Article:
• In a case of an optical amplifier using such an Er-doped Bi[0006] 2O3 based glass fiber as an optical amplification medium, there is a problem how to connect the Er-doped Bi2O3 based glass fiber with a quartz type glass fiber which is widely used as a glass fiber for communication. Namely, the subject is how to realize connection between them with a small reflection or loss of signal light at the connected surface (hereinafter they will be referred to as a connection loss) with an excellent durability.
  • As a method of connecting two glass fibers, a fusion splicing method as illustrated in FIG. 4 has been known. Namely, the end surfaces to be connected of two glass fibers [0007] 51 and 52 are abutted, and the contact area 54 of the end surfaces is heated by discharge generated between electrodes 53 and 53 which are provided in the vicinity and at the outside of the contact area, and which face each other by means of the contact area interposed therebetween, to fusion-splice the end surfaces of the two glass fibers. Here, the contact area 54 is located on a line connecting the electrodes 53 and 53 which face each other.
  • However, the glass transition point T[0008] G is different between the Er-doped Bi2O3 based glass fiber and the quartz type glass fiber, and it tends to be difficult to connect the glass fibers by the above fusion splicing method. Namely, the Er-doped Bi2O3 based glass fiber typically has a TG of at most 600° C., whereas the quartz type glass fiber typically has a TG of at least 1,000° C., and if such a discharge is carried out that the end surface of the quartz type glass fiber will undergo fusion splicing as illustrated in FIG. 4, significant plastic flow or fugacity will take place at the end surface of the Er-doped Bi2O3 based glass fiber, whereby the end surfaces of the two fibers can not appropriately be fusion-spliced, and the connection loss can not be made low.
  • It is an object of the present invention to provide a method for connecting glass fibers, to overcome the above problems of the connection of two glass fibers having different Tc. [0009]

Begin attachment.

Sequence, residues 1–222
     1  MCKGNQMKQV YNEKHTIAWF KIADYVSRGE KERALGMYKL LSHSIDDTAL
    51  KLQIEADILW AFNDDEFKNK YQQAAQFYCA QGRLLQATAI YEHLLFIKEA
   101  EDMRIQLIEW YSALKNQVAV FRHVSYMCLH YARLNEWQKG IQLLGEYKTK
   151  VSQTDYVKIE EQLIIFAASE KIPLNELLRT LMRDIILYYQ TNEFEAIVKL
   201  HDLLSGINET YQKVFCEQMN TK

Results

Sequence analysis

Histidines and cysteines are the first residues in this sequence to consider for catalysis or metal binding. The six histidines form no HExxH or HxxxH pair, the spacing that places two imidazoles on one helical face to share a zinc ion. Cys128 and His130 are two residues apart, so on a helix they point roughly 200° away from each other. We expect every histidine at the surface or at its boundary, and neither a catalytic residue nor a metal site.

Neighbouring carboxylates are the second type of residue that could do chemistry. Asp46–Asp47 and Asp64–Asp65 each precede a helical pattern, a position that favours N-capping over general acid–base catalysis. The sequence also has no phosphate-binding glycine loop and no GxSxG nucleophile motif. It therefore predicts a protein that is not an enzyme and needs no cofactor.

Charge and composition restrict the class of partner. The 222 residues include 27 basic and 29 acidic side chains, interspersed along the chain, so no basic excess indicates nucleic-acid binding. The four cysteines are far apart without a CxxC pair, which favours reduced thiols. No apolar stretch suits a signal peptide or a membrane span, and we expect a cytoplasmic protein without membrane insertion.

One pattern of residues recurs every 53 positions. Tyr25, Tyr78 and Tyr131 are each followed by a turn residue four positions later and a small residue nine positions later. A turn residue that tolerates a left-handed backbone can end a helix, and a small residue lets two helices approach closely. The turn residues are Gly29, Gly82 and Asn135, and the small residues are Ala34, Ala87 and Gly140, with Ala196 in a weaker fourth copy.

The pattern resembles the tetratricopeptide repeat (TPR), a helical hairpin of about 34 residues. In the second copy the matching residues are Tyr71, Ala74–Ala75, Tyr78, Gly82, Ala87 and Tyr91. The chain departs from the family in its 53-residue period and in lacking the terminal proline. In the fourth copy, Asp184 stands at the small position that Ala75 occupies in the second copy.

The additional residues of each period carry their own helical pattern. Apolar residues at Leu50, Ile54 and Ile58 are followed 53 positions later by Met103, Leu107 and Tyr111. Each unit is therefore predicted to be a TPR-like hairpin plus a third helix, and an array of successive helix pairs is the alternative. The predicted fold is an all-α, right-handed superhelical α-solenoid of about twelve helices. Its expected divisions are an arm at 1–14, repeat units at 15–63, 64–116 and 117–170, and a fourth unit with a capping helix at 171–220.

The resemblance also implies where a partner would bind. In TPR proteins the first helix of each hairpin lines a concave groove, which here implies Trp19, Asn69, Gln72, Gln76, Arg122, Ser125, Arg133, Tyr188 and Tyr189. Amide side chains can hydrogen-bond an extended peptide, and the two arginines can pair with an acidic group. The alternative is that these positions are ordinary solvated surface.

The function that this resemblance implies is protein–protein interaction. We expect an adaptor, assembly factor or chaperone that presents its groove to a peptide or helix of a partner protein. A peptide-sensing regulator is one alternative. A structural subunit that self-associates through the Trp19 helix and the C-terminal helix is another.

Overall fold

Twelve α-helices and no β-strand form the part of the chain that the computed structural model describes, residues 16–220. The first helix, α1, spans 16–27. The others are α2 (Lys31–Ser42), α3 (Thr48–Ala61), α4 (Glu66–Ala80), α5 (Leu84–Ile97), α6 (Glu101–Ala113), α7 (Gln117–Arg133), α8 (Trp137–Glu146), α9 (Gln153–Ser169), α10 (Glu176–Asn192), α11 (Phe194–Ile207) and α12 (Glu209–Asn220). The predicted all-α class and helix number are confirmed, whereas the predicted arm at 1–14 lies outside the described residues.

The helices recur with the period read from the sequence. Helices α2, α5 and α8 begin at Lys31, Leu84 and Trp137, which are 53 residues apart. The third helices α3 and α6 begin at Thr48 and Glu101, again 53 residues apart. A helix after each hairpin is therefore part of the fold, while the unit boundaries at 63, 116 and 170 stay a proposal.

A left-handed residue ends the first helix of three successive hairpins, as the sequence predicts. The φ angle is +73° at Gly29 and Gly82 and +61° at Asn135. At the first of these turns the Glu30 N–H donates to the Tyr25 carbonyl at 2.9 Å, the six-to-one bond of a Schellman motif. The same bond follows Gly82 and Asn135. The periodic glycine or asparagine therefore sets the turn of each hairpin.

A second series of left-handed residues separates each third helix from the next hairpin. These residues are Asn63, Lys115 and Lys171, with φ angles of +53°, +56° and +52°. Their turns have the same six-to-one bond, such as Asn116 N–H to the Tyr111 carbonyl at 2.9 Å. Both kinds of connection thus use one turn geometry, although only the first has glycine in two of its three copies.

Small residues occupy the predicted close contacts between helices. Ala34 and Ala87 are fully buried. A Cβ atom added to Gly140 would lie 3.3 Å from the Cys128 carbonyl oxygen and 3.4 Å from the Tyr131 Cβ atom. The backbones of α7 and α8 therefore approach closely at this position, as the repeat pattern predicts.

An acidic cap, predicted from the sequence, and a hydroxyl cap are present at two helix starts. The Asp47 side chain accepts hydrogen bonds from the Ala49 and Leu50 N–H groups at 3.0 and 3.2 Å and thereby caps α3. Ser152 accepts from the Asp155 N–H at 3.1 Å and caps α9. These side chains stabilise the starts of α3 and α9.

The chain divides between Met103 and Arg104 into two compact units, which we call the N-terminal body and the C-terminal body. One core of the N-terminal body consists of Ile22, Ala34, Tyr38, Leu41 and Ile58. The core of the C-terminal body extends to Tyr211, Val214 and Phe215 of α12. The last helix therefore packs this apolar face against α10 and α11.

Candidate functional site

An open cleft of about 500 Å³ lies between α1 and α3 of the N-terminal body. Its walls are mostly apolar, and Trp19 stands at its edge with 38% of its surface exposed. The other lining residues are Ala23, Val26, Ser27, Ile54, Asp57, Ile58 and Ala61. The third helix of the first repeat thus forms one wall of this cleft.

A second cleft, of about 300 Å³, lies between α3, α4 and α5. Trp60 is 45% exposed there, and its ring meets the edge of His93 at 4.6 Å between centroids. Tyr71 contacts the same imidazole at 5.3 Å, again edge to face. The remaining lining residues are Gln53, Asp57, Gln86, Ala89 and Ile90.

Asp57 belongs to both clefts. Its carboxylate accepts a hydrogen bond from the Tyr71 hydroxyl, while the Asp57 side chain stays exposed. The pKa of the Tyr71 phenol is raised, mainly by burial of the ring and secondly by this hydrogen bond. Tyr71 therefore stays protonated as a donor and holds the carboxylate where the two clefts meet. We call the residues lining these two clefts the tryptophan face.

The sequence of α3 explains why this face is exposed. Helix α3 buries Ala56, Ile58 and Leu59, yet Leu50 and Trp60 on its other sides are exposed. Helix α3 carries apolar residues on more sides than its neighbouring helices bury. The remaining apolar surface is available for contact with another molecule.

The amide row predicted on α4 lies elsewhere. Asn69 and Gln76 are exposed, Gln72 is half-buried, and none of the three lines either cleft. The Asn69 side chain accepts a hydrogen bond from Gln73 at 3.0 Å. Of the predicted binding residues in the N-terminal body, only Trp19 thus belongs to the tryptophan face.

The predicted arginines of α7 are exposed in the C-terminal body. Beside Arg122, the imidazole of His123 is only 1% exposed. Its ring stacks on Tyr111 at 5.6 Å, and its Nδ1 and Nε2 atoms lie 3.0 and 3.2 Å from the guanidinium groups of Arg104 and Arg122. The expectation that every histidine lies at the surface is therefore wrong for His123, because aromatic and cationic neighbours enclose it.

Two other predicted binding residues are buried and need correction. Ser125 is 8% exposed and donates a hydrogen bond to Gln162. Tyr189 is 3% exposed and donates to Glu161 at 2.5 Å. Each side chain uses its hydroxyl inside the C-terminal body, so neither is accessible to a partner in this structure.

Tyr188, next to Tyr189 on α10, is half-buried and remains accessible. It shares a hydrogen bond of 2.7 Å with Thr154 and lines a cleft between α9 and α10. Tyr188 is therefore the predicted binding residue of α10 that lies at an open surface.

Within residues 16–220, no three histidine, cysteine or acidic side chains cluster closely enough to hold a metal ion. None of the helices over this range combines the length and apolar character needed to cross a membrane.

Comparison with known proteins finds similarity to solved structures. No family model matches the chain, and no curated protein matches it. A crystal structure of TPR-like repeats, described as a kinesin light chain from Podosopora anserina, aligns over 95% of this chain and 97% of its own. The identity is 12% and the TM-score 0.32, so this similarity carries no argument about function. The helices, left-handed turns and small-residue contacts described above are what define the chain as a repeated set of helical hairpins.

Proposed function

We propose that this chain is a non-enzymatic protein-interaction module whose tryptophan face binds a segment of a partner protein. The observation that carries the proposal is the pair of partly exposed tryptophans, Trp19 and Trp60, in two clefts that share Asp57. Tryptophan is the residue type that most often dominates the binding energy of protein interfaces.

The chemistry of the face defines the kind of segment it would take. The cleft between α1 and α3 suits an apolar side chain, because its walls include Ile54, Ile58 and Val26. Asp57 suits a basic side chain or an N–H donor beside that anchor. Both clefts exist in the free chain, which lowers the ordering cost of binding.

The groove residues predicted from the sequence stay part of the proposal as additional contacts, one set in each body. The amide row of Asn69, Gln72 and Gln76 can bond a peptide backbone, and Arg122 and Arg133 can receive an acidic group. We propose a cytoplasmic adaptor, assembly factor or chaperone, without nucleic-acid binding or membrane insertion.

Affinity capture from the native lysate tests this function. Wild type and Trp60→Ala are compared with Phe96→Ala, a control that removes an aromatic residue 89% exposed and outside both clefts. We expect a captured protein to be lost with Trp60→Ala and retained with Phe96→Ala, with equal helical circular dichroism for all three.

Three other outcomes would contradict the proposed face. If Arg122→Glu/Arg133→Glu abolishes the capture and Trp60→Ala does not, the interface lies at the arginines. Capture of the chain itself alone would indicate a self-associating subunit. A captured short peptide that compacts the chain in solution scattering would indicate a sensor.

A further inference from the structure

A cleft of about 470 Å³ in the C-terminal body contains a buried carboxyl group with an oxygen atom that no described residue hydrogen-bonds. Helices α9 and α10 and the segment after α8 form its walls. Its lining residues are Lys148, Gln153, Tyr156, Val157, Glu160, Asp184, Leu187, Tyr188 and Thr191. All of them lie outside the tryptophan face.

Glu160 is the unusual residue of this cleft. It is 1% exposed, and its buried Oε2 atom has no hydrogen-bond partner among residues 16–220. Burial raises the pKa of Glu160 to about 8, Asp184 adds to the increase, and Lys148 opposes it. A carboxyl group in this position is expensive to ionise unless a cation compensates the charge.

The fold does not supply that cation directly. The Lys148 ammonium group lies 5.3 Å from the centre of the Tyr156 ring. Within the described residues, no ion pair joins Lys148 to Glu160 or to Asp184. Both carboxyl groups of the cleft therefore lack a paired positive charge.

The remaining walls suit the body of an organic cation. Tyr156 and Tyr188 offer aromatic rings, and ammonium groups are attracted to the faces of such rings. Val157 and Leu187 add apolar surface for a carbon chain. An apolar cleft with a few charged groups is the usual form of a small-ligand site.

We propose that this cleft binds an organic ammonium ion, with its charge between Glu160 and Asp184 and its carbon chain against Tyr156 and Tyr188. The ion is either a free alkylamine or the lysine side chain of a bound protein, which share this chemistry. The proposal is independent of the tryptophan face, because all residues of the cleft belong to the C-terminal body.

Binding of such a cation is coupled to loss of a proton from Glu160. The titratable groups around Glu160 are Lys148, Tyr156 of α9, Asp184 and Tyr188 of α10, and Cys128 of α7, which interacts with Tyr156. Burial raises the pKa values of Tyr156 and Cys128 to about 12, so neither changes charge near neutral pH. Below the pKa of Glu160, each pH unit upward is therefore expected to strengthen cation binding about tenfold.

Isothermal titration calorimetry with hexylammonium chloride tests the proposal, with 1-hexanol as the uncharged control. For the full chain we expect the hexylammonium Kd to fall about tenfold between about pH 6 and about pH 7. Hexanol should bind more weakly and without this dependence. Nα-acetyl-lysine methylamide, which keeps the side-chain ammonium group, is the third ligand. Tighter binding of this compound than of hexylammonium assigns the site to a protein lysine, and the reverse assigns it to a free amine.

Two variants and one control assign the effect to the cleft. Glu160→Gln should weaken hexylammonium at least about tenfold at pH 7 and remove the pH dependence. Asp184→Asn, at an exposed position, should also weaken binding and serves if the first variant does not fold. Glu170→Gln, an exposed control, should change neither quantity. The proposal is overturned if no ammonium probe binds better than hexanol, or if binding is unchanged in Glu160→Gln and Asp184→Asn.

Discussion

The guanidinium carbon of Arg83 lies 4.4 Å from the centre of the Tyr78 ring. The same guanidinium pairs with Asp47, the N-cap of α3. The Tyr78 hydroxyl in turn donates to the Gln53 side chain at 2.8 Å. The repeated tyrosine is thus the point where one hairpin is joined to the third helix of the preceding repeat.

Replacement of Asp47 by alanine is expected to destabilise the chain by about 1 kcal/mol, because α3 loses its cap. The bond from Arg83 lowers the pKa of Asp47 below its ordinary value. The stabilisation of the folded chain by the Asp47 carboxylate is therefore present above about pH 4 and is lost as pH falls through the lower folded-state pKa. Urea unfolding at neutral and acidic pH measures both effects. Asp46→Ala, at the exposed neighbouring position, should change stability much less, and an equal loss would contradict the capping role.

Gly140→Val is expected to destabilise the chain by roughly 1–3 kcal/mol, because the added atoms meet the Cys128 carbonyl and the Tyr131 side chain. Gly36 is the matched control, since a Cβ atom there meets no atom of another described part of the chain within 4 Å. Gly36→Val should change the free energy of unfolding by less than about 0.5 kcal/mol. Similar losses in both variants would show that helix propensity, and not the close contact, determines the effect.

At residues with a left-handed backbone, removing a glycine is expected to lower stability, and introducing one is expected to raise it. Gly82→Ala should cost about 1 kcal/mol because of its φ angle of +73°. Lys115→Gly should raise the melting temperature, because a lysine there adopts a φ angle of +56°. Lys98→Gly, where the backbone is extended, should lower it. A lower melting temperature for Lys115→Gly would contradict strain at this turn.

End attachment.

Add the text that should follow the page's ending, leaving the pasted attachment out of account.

• The present invention provides a method for connecting two glass fibers, which comprises abutting the end surfaces to be connected of the two glass fibers so that their axes are in a line, and raising the temperature at the abutted end surfaces so that the end surfaces are fusion-spliced to connect the two glass fibers, wherein one of the two glass fibers is a high-melting glass fiber having a higher glass transition point and the other is a low-melting glass fiber having a lower glass transition point, and the heating is carried out in such a manner that the temperature is highest at a portion on the high-melting glass fiber distant by at least 1 μm from the end surface to raise the temperature at the end surfaces. [0010]
  • Further, the present invention provides the above method for connecting glass fibers, wherein the ratio of the maximum diameter D[0011] d at the end surface area of the low-melting glass fiber which is softened and deformed due to the heating to the outer diameter D2 of the low-melting glass fiber (Dd/D2) is from 1.02 to 1.1
  • (Preferred Embodiment 1). [0012]
  • Still further, the present invention provides the above method for connecting glass fibers, wherein the ratio of the length L[0013] d of the end surface area of the low-melting glass fiber which is softened and deformed due to the heating to D2 (Ld/D2) is from 0.24 to 0.4
  • (Preferred Embodiment 2). [0014]
  • Now, the present invention will be described in detail with reference to the preferred embodiments.[0015]
  • In the accompanying drawings: [0016]
  • FIGS. [0017] 1(a) and 1(b) are diagrams illustrating the mode of carrying out the present invention.
  • FIGS. [0018] 2(a) and 2(b) are diagrams illustrating another mode of carrying out the present invention.
  • FIG. 3 is a sketch of a photograph of a glass fiber connection area taken by means of a microscope while illuminating the area with light from its side. [0019]
  • FIG. 4 is a diagram illustrating a conventional method for connecting glass fibers.[0020]